Women in Hinduism

Bharat, also known as India is a country with over 10,000 years long history. 

Women are regarded as the most respected member of the community and they hold a special position in society. There are female gods, warriors, scientists, entrepreneurs, etc. from whom a billion Hindus derive inspiration and all of them are worshipped for their traits and contributions to society. 

There are special days dedicated to women, some of them being: Lalita Panchami, Radha Ashtami, Durga Ashtami, Meerbai Jayanti (on October 24 every year), Navratri (twice a year making it 18 days where Millions of Hindus observe fasting and 9 goddesses are worshipped everyday). Every year in the month of July/ August - fasting is observed for the goddess Gauri which lasts for 4 days. Shakts in Hindu community is the sect in Hindus which worships the shakti (power) in female form. There are dedicated mantras, rituals, and books on devi (goddess).

There are dedicated 51 Shakti Peeth and Devi Sthanam (prominent worship places where millions of Hindu devotees visit). There are temples dedicated to female deities such as Meenakshi Mandir, Bhadrakali Mandir, Tulja Bhawani Mandir, Bhagya lakshmi mandir, Mahalakshmi mandir and many more temples in different cities of India. Mumbai is named after the goddess "Mumba Devi" who is the deity of Mumbai. Kali is the prominent goddess of Kolkata and during Durga Puja, millions worship her for 9 days. In every temple, the god is worshipped along with their wives, for eg.: The god Ram is accompanied by his wife  Sita while with the God Vishnu, there will always be the goddess Lakshmi.

Ancient texts of Hinduism expound a reverence for the feminine. The 10th chapter of the Rigveda, for example, asserts the feminine to be the supreme principle behind all of the cosmos, in the following hymn called as Devi Sukta,[1][2]
 
I am the Queen, the gatherer-up of treasures, most thoughtful, first of those who merit worship.
     Thus Gods have established me in many places with many homes to enter and abide in.
Through me alone all eat the food that feeds them,-each man who sees, breathes, hears the word outspoken
     They know it not, yet I reside in the essence of the Universe. Hear, one and all, the truth as I declare it.
 
I, verily, myself announce and utter the word that gods and men alike shall welcome.
     I make the man I love exceeding mighty, make him nourished, a sage, and one who knows Brahman.
I bend the bow for Rudra that his arrow may strike and slay the hater of devotion.
     I rouse and order battle for the people, I created Earth and Heaven and reside as their inner controller.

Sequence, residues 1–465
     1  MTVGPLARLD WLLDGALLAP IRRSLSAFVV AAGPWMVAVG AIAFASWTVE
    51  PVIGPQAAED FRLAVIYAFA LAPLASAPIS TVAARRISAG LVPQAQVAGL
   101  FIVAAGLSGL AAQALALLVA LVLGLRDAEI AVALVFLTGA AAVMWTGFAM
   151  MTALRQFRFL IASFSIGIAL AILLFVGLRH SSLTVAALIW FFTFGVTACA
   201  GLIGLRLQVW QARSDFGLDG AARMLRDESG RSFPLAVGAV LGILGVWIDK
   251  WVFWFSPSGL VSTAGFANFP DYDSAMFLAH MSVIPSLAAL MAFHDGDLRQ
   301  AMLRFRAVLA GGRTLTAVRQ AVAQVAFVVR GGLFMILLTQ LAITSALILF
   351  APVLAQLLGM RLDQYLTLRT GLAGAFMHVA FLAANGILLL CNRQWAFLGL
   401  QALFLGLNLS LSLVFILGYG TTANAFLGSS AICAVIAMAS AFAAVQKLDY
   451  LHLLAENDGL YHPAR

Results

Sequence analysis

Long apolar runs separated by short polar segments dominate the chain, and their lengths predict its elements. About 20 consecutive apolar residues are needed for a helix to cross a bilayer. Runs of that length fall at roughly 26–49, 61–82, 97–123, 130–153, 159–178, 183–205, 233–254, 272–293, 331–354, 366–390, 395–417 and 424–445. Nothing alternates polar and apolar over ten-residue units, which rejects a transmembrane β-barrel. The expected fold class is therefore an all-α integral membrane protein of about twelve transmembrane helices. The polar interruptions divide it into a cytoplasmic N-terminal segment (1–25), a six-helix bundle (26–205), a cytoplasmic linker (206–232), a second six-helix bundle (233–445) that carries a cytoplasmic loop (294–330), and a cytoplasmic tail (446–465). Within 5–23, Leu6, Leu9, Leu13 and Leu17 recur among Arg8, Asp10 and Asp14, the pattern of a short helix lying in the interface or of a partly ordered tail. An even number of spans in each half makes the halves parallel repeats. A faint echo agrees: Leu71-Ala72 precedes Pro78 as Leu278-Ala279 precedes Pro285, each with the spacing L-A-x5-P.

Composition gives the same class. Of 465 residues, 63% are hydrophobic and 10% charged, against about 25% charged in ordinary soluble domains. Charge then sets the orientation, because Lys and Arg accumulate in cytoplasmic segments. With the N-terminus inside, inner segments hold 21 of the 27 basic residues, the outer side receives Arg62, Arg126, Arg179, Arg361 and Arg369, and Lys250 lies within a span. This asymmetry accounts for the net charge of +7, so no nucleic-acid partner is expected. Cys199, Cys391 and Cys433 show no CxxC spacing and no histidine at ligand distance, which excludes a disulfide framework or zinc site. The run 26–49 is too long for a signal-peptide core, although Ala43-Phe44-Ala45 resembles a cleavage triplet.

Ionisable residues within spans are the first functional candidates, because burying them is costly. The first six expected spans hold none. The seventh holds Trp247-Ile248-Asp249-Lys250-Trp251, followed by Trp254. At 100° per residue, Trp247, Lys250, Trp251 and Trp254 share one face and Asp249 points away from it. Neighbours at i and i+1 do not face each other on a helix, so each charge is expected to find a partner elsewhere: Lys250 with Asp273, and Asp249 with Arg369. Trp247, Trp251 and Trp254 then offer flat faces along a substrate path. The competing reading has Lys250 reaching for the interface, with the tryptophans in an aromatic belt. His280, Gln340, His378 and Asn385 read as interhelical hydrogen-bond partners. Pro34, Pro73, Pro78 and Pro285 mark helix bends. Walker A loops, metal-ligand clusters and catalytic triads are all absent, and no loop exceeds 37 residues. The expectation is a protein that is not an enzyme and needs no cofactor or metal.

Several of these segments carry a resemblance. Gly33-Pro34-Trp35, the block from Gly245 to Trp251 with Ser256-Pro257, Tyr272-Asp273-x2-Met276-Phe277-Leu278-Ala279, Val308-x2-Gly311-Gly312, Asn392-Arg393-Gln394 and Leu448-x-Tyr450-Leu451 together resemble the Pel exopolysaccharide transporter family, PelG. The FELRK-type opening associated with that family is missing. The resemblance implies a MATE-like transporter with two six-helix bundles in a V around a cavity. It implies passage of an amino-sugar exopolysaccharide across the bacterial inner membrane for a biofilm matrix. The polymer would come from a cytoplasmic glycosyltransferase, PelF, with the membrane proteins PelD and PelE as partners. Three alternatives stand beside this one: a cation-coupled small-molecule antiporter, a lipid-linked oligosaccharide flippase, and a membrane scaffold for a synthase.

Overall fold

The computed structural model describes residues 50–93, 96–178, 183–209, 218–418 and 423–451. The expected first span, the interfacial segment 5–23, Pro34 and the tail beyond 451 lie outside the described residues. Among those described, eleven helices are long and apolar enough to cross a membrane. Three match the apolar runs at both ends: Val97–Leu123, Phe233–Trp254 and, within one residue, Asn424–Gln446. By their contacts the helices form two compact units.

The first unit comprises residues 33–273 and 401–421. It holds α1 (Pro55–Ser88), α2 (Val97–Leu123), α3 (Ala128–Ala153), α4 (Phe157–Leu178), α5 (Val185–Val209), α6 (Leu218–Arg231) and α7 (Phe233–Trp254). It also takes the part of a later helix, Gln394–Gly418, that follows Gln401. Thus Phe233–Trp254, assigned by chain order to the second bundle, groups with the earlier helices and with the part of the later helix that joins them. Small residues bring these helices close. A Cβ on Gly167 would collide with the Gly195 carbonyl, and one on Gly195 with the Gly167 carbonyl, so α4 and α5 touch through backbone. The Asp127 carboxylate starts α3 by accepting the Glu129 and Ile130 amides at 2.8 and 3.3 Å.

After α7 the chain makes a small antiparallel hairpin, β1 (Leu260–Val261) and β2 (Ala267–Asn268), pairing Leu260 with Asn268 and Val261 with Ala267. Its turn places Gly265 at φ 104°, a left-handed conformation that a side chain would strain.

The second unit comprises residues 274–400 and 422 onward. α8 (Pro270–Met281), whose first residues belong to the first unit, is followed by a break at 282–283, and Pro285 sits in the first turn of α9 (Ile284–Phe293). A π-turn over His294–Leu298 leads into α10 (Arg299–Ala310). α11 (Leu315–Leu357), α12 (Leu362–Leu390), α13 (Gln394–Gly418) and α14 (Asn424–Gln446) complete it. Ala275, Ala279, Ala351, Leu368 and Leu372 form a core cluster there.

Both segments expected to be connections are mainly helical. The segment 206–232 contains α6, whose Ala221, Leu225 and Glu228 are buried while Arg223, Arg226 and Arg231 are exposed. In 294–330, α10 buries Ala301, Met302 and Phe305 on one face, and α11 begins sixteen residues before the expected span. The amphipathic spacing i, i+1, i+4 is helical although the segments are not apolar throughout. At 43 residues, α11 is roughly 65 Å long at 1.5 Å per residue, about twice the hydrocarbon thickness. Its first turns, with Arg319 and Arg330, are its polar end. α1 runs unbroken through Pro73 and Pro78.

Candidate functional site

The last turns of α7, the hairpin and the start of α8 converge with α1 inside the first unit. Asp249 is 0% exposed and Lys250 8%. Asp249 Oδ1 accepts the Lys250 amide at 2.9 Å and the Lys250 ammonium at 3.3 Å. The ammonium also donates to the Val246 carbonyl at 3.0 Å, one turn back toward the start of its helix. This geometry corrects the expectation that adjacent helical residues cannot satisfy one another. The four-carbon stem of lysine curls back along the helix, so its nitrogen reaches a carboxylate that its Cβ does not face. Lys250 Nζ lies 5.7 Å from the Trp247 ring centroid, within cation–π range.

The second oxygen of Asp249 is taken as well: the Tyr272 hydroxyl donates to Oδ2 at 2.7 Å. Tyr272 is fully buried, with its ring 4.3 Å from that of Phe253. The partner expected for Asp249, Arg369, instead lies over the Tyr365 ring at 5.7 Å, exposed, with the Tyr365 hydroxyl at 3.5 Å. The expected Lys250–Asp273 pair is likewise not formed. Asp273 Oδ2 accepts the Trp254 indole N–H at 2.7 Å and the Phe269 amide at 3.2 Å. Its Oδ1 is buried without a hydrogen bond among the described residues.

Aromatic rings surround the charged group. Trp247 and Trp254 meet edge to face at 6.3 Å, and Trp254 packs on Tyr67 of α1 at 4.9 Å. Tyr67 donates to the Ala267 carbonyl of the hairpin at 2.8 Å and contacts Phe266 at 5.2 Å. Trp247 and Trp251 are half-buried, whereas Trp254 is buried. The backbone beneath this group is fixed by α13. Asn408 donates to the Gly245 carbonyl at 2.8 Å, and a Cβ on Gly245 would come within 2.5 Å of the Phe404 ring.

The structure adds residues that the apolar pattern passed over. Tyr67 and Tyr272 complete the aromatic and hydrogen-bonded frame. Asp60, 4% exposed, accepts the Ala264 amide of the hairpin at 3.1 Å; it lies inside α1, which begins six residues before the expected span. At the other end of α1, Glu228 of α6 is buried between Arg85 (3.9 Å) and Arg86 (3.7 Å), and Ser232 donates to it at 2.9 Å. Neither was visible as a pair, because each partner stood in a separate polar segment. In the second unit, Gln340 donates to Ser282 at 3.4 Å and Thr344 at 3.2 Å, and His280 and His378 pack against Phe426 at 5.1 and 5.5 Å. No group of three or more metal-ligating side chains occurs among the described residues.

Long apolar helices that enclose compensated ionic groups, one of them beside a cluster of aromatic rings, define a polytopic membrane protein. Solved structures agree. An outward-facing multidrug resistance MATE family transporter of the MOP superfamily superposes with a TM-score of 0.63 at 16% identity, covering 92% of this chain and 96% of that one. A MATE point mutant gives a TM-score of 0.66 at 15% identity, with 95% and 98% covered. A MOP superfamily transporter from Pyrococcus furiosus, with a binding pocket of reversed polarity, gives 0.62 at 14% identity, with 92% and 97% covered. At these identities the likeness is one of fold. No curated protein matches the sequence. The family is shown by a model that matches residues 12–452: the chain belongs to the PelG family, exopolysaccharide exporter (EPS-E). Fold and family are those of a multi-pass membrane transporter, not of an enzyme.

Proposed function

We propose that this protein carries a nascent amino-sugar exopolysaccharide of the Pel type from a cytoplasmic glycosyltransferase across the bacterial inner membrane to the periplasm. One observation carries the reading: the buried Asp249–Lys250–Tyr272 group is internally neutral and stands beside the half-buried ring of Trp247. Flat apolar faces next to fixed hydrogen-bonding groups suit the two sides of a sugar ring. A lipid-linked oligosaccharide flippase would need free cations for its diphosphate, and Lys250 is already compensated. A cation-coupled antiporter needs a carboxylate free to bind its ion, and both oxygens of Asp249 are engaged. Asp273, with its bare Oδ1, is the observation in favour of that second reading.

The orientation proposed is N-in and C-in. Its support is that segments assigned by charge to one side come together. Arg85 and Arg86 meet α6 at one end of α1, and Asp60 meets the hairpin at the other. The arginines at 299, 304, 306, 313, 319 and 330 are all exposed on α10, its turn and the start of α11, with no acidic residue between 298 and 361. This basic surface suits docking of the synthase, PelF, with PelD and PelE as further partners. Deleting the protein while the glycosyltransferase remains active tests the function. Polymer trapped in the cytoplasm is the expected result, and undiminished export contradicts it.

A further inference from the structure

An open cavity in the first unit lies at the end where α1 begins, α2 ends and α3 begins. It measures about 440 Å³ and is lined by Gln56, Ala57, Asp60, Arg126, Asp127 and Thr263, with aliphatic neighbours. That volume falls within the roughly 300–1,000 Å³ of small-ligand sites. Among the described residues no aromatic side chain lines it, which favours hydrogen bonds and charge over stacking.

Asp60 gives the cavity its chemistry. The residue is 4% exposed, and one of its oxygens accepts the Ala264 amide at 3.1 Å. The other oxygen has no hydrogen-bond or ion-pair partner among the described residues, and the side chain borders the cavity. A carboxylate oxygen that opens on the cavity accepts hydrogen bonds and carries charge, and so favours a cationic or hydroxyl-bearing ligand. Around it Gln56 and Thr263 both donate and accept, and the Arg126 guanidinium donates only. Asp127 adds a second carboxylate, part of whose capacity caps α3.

On the world's summit I bring forth the Father: my home is in the waters, in the ocean.
     Thence I prevade all existing creatures, as their Inner Supreme Self, and manifest them with my body.
I created all worlds at my will, without any higher being, and permeate and dwell within them.
     The eternal and infinite consciousness is I, it is my greatness dwelling in everything.
 
— Rigveda 10.125.3 - 10.125.8, [1][18]
 
In Hinduism, the women are considered as equal if not more than the men. One of the excerpts from Mahabharat is as follows: 
 
The daughter, O king, has been ordained in the scriptures to be equal to the son.
— Bhishma, Anushasana Parva, Mahabharata 13.47.26[27]
 
In Hinduism, all festivals including Diwali which require fire in the rituals, are led by the women of the family (women being the Lakshmi - a form of the goddess who brings happiness and prosperity to the family).
 
Dignity of Women in Hinduism: 
Verse 6.4.17 Brihadaranyaka Upanishad:
 
अथ य इच्छेद्दुहिता मे पण्डिता जायेत, सर्वमायुरियादिति, तिलौदनं पाचयित्वा सर्पिष्मन्तमश्नीयाताम्; ईश्वरौ जनयितवै ॥ १७ ॥
 
atha ya icchedduhitā me paṇḍitā jāyeta, sarvamāyuriyāditi, tilaudanaṃ pācayitvā sarpiṣmantamaśnīyātām; īśvarau janayitavai || 17 ||
 
"One who wishes that a daughter should be born who would be a scholar and attain a full term of life, should have rice cooked with sesamum, and both should eat it with clarified butter. Then the creators (would-be parents) would indeed be able to produce such a daughter.
 
Will Durant (1885-1981) American historian says in his book Story of Civilization:
 
"Women enjoyed far greater freedom in the Vedic period than in later India. She had more to say in the choice of her mate than the forms of marriage might suggest. She appeared freely at feasts and dances, and joined with men in religious sacrifice. She could study, and like Gargi, engage in philosophical disputation. If she was left a widow there were no restrictions upon her remarriage.
Some words about Sabarimala (in Hindi/ English Language):

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